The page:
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A Change Is Coming

David Runciman, 21 February 2019

... It’s not​ 1940. Might it, though, be 1945? By that I don’t mean we are at the end of some epic contest of national survival, let alone of national liberation. It’s not been that sort of contest, and anyway, this doesn’t look much like the end. But for the last few years normal politics has effectively been on hold as the government has grappled with a grim and grinding task that has consumed almost all its energies ...

A Funny Feeling

David Runciman: Larkin and My Father, 4 February 2021

... most direct engagement with his fear of dying can be found in a letter he wrote to my father, W.G. Runciman, in November 1978, following the publication of his poem ‘Aubade’, which begins:I work all day, and get half-drunk at night.Waking at four to soundless dark, I stare.In time the curtain-edges will grow light.Till then I see what’s really always ...

Brown and Friends

David Runciman, 3 January 2008

... Party in Scotland. Balls’s wife, Yvette Cooper, sits with him in cabinet. Miliband’s brother, David, is foreign secretary. Brothers and sisters, husbands and wives: the Brown government is a family affair, and it marks a shift to ever more intimate political relationships at the centre of power, even compared to the days when Tony Blair was ruling the ...

Look…

David Runciman: How the coalition was formed, 16 December 2010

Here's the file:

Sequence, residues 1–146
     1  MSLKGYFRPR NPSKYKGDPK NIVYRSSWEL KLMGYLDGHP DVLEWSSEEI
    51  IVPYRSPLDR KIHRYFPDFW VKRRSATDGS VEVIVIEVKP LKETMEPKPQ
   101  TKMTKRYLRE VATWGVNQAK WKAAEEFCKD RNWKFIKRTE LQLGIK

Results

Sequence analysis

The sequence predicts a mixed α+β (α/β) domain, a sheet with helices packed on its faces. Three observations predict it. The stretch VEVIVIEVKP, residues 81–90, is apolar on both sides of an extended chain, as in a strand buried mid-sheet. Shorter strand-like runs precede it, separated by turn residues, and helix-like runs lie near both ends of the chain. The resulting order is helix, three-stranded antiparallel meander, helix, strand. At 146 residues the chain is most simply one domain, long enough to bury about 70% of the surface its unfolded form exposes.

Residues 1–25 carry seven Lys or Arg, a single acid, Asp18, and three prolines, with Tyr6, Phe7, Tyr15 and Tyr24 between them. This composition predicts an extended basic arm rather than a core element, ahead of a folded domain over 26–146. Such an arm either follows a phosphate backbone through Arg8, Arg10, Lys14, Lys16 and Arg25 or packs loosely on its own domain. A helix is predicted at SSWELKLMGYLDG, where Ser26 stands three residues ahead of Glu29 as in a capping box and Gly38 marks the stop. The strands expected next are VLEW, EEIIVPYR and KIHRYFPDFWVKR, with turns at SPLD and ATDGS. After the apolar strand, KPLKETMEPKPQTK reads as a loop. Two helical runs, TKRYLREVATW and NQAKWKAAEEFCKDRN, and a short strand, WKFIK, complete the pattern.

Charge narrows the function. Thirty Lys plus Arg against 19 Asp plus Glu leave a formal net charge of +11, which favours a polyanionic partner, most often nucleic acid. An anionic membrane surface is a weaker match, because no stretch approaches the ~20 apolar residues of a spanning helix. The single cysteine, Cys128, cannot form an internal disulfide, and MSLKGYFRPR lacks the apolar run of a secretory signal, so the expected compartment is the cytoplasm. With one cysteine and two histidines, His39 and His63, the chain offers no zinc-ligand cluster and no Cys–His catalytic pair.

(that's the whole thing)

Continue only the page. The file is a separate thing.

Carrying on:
22 Days in May: The Birth of the Lib Dem-Conservative Coalition 
by David Laws.
Biteback, 335 pp., £9.99, November 2010, 978 1 84954 080 3
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... Australians), they seem to have been unembarrassable. Yet that’s not how it worked over here. David Laws’s 22 Days in May, which recounts the negotiations that preceded the formation of the coalition government from the inside, explains how it happened that in our case the winners actually ended up winning. Hardly surprisingly, it’s not that Lib Dem ...

Fat Bastard

David Runciman: Shane Warne, 15 August 2019

No Spin 
by Shane Warne.
Ebury, 411 pp., £9.99, June 2019, 978 1 78503 785 6
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... When​ the Australian cricketers Steve Smith, David Warner and Cameron Bancroft were exposed tampering with the ball during last year’s test series in South Africa there was, along with all the faux outrage, some genuine incredulity. Why did they take such an insane risk? The subterfuge was so cack-handed – rubbing the ball with lurid yellow sandpaper, perfectly suited to be picked up by the TV cameras – and the potential rewards so slight that they seemed to be putting their careers on the line for next to nothing ...

Untouchable?

David Runciman: The Tory State?, 8 September 2016

... the aggrandising behaviour of Liam Fox at the newly created Department for International Trade. David Davis at the newly created Department for Exiting the European Union is unhappy with both of them. This kind of turf warfare will only get worse as the time for invoking Article 50 draws near. It will put huge strain on the Tories’ united front. But who ...

Competition is for losers

David Runciman: Silicon Valley Vampire, 23 September 2021

The Contrarian: Peter Thiel and Silicon Valley’s Pursuit of Power 
by Max Chafkin.
Bloomsbury, 400 pp., £25, September, 978 1 5266 1955 6
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... had been ‘brainwashed’ into believing in the dangers of climate change. Thiel then tried David Gelernter, an anti-PC warrior and author of America-Lite: How Imperial Academia Dismantled Our Culture (and Ushered in the Obamacrats). Thiel tried to pitch Gelernter to Trump as a martyr for technology, because in 1993 he had been one of the victims of the ...

Spookery, Skulduggery

David Runciman: Chris Mullin, 4 April 2019

The Friends of Harry Perkins 
by Chris Mullin.
Scribner, 185 pp., £12, March 2019, 978 1 4711 8248 8